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Ofsted warns school standards could 'go into reverse'

Standards at schools could "go into reverse" unless improvements are made, the head of Ofsted has warned.

Sir Michael Wilshaw said the rate of improvement in many schools is "grinding to a halt", with 170,000 students still at schools rated inadequate - an increase of 70,000 from 2012.

Education Secretary Nicky Morgan said the results of Wilshaw's third annual report was down to a tougher inspection regime.

ITV News Political Correspondent Libby Wiener reports:

Ofsted names 13 worst secondary school areas

Thirteen areas across England have been named and shamed in a new Ofsted report for having the lowest number of students at 'good' or 'outstanding' secondary schools.

In the 13 local authority areas, children have a less than 50 per cent chance of attending one of the better secondaries - meaning more than half end up in schools which need improvement or which have been branded 'inadequate'.

These areas are:

  • Tameside: 49% (up 3 points from last year)
  • Middlesbrough: 48% (up 6pts)
  • Barnsley: 48% (up 25pts)
  • East Riding of Yorkshire: 46% (up 8pts)
  • Stockton-on-Tees: 46% (down 16pts)
  • Derbyshire: 42% (down 13pts)
  • Bradford: 40% (down 8pts)
  • Blackpool: 38% (down 8pts)
  • Doncaster: 37% (down 6pts)
  • Oldham: 36% (down 21pts)
  • St Helens: 35% (down 12pts)
  • Hartlepool: 35% (no change)
  • Isle of Wight: 17% (up 3pts)

The report found that only six areas in the country could boast 100 per cent of secondary-age students attending the top schools, five of which are in London - Haringey, Hounslow, Islington, Kensington and Chelsea, and Westminster - along with Rutland in the East Midlands.

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Schools battling 'hubbub' of gossip and mobile phones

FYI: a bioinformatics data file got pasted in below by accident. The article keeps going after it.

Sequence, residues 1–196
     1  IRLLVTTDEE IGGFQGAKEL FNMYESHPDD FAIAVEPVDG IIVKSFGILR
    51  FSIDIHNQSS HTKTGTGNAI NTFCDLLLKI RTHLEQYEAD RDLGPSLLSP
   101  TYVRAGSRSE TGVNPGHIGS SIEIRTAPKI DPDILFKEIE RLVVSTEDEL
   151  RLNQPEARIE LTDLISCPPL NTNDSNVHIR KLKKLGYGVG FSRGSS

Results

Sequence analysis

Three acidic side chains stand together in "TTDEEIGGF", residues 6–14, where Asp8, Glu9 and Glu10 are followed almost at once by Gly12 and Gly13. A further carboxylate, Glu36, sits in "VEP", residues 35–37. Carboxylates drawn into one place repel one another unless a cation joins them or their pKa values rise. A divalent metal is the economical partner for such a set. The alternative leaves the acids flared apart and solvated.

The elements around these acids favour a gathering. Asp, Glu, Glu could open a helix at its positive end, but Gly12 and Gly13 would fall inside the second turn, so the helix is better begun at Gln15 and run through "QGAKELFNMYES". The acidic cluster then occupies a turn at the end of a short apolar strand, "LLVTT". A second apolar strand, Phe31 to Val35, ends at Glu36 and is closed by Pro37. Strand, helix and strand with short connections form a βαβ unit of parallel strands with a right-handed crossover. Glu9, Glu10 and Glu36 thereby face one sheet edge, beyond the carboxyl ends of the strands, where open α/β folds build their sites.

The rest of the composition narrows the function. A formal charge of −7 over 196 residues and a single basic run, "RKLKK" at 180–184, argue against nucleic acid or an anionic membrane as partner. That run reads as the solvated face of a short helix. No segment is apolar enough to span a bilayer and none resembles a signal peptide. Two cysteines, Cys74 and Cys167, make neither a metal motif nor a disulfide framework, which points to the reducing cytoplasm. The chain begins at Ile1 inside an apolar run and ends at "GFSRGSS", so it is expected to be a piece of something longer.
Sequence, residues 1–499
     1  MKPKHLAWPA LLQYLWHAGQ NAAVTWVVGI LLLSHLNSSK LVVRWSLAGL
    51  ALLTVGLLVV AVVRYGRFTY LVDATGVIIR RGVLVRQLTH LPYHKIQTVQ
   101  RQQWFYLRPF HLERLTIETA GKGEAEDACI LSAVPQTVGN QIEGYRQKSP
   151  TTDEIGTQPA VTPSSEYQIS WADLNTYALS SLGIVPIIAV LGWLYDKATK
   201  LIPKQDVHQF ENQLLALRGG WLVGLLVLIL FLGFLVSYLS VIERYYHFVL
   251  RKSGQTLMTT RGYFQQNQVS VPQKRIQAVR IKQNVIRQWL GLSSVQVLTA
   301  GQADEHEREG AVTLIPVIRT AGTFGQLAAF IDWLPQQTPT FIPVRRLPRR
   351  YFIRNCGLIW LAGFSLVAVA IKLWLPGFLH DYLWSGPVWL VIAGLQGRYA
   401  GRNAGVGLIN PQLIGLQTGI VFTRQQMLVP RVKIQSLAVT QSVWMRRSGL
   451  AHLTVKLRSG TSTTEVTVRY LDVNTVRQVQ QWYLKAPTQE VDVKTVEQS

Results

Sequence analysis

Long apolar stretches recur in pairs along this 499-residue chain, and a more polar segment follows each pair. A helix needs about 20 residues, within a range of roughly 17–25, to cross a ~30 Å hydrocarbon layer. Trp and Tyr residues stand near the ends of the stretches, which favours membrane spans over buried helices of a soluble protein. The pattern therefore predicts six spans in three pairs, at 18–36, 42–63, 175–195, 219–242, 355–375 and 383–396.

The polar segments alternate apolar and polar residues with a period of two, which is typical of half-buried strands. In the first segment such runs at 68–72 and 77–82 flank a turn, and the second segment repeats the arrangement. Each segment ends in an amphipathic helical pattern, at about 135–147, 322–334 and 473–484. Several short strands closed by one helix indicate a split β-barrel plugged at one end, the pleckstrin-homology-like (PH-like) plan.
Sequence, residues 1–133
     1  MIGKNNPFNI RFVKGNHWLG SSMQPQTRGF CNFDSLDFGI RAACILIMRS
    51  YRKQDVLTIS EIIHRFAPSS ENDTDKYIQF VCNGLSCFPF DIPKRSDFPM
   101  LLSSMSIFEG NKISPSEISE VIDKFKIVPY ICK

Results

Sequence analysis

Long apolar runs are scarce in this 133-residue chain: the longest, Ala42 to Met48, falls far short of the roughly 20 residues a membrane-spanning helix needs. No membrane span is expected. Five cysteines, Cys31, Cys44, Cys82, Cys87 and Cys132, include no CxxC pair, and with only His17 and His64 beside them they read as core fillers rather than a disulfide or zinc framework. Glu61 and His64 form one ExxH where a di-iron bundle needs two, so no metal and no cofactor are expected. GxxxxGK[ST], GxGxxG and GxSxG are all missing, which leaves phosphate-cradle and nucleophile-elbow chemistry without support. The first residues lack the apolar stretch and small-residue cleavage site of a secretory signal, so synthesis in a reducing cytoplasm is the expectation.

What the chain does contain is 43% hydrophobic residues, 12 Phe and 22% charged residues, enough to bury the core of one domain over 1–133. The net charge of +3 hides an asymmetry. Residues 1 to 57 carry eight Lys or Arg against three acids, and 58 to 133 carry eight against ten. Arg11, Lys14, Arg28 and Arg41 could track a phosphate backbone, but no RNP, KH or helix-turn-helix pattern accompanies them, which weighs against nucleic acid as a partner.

Poor behaviour from pupils is blighting the UK's secondary schools, Ofsted's chief inspector has warned - with almost half a million children sharing lessons with misbehaving classmates.

Sir Michael Wilshaw said too many secondaries were dealing with a "hubbub" of gossip, shouting out, using their phones and other disruptions which often made teaching almost impossible.

The report found that too many secondaries were dealing with a Credit: PA

He found that of those schools inspected in the 2013/14 academic year, there was a seven per cent drop in the number where pupil behaviour was classed as 'good' or 'outstanding'.

This is unacceptable... Inspectors found far too many instances of pupils gossiping, calling out without permission, using their mobiles, being slow to start work or follow instructions, or failing to bring the right books or equipment to class.

While these are minor infractions in themselves, cumulatively they create a hubbub of interference that makes teaching and learning difficult and sometimes impossible.

– Ofsted report

His latest report adds that schools were often failing to challenge their brightest pupils, with a "worrying lack of scholarship" and teachers' expectations "too low" to match their students' abilities.

DfE defends rise in 'inadequate' secondary schools

The Department for Education has defended standards at secondary schools across the country, saying there had been "incredible improvements" over the past few years.

It comes after Ofsted chief Sir Michael Wilshaw criticised performance as "not good enough".

The Department for Education has defended standards at secondary schools across the country Credit: PA

In a report released today, Sir Michael said the proportion of secondaries rated as 'inadequate' had risen dramatically over the past 12 months.

But a DfE spokesman said Ofsted's tougher new inspections were behind the figures, as they left substandard schools with 'nowhere to hide'.

We share Sir Michael Wilshaw's ambition to keep raising standards in secondary schools but we should acknowledge we have seen incredible improvements in recent years - all achieved against the backdrop of Ofsted's much tougher inspection framework which leaves no room for underperforming schools to hide.

– Department for Education spokesman

They added that around one million more children were being taught in good or outstanding schools since 2010.

Secondary schools performance 'not good enough'